Movement weekend is almost upon us and while the flagship event in Techno City aka Detroit is the highlight of the weekend, the afterparty culture is a close second. Just as the music festival strives to bring attendees the best and most diverse lineup possible, venues and promoters across the city accent Movement with their own carefully curated lineups.

Techno takes up a great percentage of sound waves over the weekend, but year after year, Movement consistently draws up a lineup that manages to please music lovers of all kinds. Hip hop, house and funk are strongly represented this year, but there are no boundaries and nothing is off limits.

Bass music, however, is a bit out of the ordinary for Movement weekend, which is what makes the MASSIVE warehouse lineup stick out amidst the swarm of house and techno-driven afterparties. Snails, Space Laces, Buku and Stuca lead the pack, with local support from Attak and Flats Stanlie. Plus, Nightenjin takes over a secondary stage on site, setting an alternate mood in the massive warehouse space that is The Russell.

Chad Smith, aka Attak, is the mastermind behind the operation headed by his Ignyte Events team in collaboration with MeanRed. Not only does this event, as well as countless others, hope to bring something different to the table — their focus is set on keeping the warehouse experience alive.

So, is bass music during Movement as taboo as it sounds? With the event just days away, we picked Chad’s brain about the MASSIVE concept. Here’s what he had to say…

What does it mean to you, to be bringing a show of MASSIVE proportions to Movement weekend?

I’ve been working extremely hard to bring quality EDM events to Detroit for years and I am excited to bring a MASSIVE bass music event to a weekend most bass promoters shy away from. I love the challenge!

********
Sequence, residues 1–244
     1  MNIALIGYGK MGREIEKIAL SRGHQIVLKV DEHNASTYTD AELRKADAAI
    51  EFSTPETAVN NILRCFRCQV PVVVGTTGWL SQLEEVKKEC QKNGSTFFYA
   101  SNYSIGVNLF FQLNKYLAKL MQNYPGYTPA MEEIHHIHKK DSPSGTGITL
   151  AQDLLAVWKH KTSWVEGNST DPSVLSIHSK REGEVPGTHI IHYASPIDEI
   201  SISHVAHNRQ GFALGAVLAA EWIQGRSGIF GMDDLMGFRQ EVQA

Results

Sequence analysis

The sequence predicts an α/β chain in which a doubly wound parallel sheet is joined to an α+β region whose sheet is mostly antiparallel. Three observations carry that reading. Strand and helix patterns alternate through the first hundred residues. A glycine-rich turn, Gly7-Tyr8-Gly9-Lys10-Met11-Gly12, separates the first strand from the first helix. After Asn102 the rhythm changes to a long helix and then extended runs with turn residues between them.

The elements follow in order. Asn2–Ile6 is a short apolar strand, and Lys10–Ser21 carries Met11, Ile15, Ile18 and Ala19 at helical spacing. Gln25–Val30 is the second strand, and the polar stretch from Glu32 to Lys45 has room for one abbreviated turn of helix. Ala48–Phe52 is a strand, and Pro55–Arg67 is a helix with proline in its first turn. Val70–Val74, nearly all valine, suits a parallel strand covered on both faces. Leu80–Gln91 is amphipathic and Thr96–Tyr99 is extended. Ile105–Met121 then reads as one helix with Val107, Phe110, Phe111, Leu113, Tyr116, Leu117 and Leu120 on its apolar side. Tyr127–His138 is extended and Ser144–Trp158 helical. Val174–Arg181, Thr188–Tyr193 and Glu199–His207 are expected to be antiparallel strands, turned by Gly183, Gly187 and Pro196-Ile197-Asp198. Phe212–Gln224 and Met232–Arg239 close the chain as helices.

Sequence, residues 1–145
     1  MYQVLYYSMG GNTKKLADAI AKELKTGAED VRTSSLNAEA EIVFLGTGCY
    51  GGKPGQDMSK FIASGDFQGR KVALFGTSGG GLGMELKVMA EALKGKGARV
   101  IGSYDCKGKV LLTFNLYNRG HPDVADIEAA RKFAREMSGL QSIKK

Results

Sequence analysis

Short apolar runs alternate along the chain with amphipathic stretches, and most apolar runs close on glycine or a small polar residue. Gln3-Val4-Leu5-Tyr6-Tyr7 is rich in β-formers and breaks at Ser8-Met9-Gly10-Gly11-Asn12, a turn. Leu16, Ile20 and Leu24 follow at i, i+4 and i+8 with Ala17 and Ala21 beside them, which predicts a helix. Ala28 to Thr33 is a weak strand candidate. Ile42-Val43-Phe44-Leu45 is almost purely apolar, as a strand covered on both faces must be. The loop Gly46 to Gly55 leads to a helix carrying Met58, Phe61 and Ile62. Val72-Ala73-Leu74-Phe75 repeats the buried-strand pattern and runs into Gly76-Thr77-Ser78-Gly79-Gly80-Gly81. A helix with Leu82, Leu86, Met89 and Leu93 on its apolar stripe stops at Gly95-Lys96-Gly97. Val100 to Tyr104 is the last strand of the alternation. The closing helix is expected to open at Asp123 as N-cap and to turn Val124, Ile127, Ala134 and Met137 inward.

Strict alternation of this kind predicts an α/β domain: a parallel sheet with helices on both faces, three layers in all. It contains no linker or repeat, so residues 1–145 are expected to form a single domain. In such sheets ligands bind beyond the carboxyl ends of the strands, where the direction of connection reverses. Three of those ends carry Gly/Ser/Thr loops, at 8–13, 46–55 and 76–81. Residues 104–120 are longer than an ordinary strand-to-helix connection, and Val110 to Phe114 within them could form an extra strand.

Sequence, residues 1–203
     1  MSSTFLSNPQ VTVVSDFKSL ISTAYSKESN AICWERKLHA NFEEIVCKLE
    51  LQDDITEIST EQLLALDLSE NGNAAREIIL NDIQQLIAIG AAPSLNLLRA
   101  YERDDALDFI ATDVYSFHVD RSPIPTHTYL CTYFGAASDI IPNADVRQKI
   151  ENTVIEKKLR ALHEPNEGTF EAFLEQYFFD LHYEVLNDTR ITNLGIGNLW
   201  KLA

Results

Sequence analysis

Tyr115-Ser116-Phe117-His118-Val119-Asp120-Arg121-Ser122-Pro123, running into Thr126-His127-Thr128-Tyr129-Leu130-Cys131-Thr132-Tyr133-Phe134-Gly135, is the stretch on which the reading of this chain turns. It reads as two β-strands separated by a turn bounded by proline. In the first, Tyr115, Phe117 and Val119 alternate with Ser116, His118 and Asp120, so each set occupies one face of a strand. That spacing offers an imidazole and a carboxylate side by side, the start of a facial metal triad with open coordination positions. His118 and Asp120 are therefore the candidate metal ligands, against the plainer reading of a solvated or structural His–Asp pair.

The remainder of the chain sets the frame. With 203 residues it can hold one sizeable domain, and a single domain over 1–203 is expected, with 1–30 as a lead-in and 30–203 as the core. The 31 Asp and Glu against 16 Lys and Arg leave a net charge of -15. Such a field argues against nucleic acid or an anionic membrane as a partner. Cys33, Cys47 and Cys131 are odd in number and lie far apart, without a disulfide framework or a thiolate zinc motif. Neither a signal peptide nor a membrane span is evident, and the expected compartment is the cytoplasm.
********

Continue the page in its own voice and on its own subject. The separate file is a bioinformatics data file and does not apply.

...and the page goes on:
With primarily techno and house-driven afterparties, do you feel there’s a void to fill with this bass-centric lineup?

I think there’s been a big void with this. Movement is based on techno, yes, but their lineups are diverse as well. I remember seeing Skrillex at Movement 2011 and the huge reaction he received. Detroit’s EDM culture has been built on diversity and I will continue to embrace that.

What’s your biggest goal with the MASSIVE vision?

Bringing back large scale/big production bass events to Detroit in a unique, underground setting. I started my DJ career with warehouse events 15+ years ago and they’re still some of the best events I’ve played. I want the new generation of bass music fans to be able to experience something similar.

What’s the best part about the Detroit dance music scene?

The diversity in Detroit EDM culture and how much the fans connect with the music out here. Truly passionate fans no matter the genre. Detroit is a pinnacle of EDM for the Midwest and I feel honored to be apart of the magic that makes Detroit so great!

Learn more about MASSIVE here and explore our entire pre/afterparty guide here.


Photo: Malaa @ The Russell